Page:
I believe it was Clark Kent’s Uncle Bob who said: ‘With great baby comes great responsibility.’
Lost Palms’ head brewer Mitch is a new father, and is feeling the weight of the above quote. So the brew team put together a session IPA that’d give him a responsible alternative to those IIPAs and IIIPAs the brewery is fond of. The Way It Is pours totally opaque, looking as much like orange juice as any hazy you’ll come across. But this is indeed a light drinker - the El Dorado and Cashmere dry hop additions provide plenty of juicy aromas while the actual drinking is dry, restrained, and gives a distinct pfzzzt on the tongue.
As for the label art - at a glance, it looks quite classical and classy, with a retro image of a woman standing in front of some snowy alps. But keep looking and you see a divine hand pouring milk into a lake and a second lady wearing a cat mask, so perhaps it’s meant to represent those crazy half-dreams you have when you’re sleep-deprived. Congratulations on your sleep deprivation, Mitch!
Divine hands show up on the label of the next beer as well, but it’s otherwise much less trippy. Paper Trails is an Italian-style pilsner awash with flavour. In Australia, pale lagers have a reputation for being low in flavour (because so many of them are) but then you get one that releases its powerful aroma into the air the moment you crack the can, and you know you’re in for a tasty treat. Thanks to the generous dry-hopping, Paper Trails tastes like someone’s slapped you around with a pillowcase full of Hallertau hops. It’s spicy and herbal and floral, with a golden-syrup-on-bread malt sweetness winding through the middle. I can recommend pairing it with your bodyweight in salted cashews.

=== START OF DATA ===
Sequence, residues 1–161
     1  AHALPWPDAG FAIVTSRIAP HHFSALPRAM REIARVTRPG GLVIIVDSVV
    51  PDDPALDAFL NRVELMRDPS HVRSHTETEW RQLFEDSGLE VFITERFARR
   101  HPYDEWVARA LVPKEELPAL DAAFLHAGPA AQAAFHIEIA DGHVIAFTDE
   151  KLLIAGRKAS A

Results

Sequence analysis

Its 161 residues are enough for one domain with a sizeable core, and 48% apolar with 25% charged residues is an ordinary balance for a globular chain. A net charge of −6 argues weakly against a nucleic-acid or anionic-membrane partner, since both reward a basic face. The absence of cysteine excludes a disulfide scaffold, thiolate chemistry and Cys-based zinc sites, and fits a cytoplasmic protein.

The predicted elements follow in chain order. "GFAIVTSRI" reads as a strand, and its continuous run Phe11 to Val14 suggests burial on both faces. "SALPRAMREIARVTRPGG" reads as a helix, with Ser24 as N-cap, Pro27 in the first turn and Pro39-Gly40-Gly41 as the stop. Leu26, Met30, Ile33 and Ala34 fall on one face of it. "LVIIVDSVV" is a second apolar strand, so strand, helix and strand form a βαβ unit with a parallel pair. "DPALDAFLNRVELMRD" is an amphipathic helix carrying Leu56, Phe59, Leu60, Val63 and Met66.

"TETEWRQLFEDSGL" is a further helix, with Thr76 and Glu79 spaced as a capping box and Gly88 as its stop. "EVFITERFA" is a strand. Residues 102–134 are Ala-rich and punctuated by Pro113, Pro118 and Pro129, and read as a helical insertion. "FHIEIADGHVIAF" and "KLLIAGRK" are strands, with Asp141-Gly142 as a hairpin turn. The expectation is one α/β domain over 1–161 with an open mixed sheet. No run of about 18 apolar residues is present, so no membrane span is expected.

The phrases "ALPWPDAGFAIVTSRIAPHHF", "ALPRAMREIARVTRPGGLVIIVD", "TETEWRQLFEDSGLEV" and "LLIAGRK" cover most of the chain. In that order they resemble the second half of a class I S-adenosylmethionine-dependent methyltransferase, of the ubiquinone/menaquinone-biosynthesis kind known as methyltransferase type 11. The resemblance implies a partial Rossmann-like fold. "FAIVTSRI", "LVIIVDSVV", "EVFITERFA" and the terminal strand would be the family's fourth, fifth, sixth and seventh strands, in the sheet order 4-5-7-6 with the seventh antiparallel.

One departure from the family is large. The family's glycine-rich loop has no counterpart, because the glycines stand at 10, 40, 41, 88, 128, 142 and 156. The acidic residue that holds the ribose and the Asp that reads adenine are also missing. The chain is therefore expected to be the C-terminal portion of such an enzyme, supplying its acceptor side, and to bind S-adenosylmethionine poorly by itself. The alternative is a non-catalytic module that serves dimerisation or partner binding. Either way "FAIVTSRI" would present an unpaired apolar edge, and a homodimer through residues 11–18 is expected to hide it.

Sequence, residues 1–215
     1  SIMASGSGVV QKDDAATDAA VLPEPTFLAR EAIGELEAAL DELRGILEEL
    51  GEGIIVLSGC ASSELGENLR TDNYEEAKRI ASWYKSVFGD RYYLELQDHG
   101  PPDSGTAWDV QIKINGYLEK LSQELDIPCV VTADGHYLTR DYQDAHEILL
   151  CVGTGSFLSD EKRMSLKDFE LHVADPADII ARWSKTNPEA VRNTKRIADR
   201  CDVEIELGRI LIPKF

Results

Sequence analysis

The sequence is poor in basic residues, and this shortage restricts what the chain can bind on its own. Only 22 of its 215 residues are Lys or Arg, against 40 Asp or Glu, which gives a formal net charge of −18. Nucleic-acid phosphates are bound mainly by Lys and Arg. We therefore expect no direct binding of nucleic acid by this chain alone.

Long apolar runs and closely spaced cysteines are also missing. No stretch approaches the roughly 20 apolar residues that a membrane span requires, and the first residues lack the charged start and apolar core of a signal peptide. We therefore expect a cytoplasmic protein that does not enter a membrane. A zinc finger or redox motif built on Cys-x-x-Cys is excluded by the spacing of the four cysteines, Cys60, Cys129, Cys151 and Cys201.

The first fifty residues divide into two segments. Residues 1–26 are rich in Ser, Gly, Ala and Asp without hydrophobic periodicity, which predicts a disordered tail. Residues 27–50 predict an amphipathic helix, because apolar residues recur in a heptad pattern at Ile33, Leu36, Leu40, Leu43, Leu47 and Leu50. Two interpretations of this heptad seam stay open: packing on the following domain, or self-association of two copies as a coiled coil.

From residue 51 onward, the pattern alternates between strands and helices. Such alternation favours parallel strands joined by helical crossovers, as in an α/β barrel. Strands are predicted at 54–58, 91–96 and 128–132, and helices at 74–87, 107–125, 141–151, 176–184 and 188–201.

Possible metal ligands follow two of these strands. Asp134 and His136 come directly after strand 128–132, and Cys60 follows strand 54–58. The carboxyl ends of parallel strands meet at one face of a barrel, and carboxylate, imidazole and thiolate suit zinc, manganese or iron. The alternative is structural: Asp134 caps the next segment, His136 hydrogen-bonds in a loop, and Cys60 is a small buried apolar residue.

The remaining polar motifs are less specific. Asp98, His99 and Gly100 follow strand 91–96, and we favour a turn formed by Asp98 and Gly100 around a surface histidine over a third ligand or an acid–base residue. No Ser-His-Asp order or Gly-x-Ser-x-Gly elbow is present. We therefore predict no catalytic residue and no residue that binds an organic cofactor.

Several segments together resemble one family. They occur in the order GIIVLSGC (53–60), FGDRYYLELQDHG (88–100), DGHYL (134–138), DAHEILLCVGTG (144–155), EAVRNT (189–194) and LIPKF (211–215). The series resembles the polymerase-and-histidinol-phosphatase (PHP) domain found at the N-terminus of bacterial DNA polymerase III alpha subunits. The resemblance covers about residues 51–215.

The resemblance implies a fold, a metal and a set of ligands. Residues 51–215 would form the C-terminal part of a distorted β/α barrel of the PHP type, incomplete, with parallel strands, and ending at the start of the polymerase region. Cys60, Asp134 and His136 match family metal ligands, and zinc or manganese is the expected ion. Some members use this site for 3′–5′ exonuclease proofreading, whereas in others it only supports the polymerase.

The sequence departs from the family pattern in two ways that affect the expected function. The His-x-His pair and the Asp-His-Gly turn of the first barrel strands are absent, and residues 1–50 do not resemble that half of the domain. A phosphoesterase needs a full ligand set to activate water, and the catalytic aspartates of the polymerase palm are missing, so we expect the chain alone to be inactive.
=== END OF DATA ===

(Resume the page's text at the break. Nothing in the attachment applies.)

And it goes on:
Though perhaps you shouldn’t load up on too many snacks before drinking Vibe,* because this is a beer so weedy it’ll give you the munchies. But don’t go expecting something one-dimensional; Lost Palms and One Drop have joined forces to make a double IPA that’s equal parts fruit and marijuana. Carmen Miranda meets Mary Jane. The beer hit me first with the classic orange mango juice aromatics of many hazies, but followed that up with an unexpected tidal wave of weed. I literally went out to my balcony to check that my neighbours weren’t responsible for the sweet herbal notes flooding my nostrils and only once I was sure there was no dank drifting in the window, I returned to my beer. As I sniffed and sipped, my senses pinballed back and forth between fruit juice and weed, while sweetness and dryness and bitterness all hit at the same time. It was impressive enough that by the time I started getting an aroma of baking cookies from the beer as well, I wasn’t even surprised. I just figured I shouldn’t put LP and OD in a box, and sat back and enjoyed the ride.
And that label art! The design captures some gorgeous juxtaposition - the clash of a west coast pink sunset and a black-and-white scene of what I can only assume is some kind of gangster happening (who else is driving around in a black Merc with no number plates?). I guess the palm trees on the left are meant to represent Lost Palms, which would make One Drop the mobsters on the right. Personally, I find it all thematically confusing but aesthetically delightful.
*Fun fact: I have it on good authority (from my 16-year-old brother-in-law) that using the word ‘vibe’ automatically dates you as a Millennial. If you ever find yourself wanting to communicate with Zoomers, the closest equivalent word to use is ‘mood’.
Published November 15, 2022 2022-11-15 00:00:00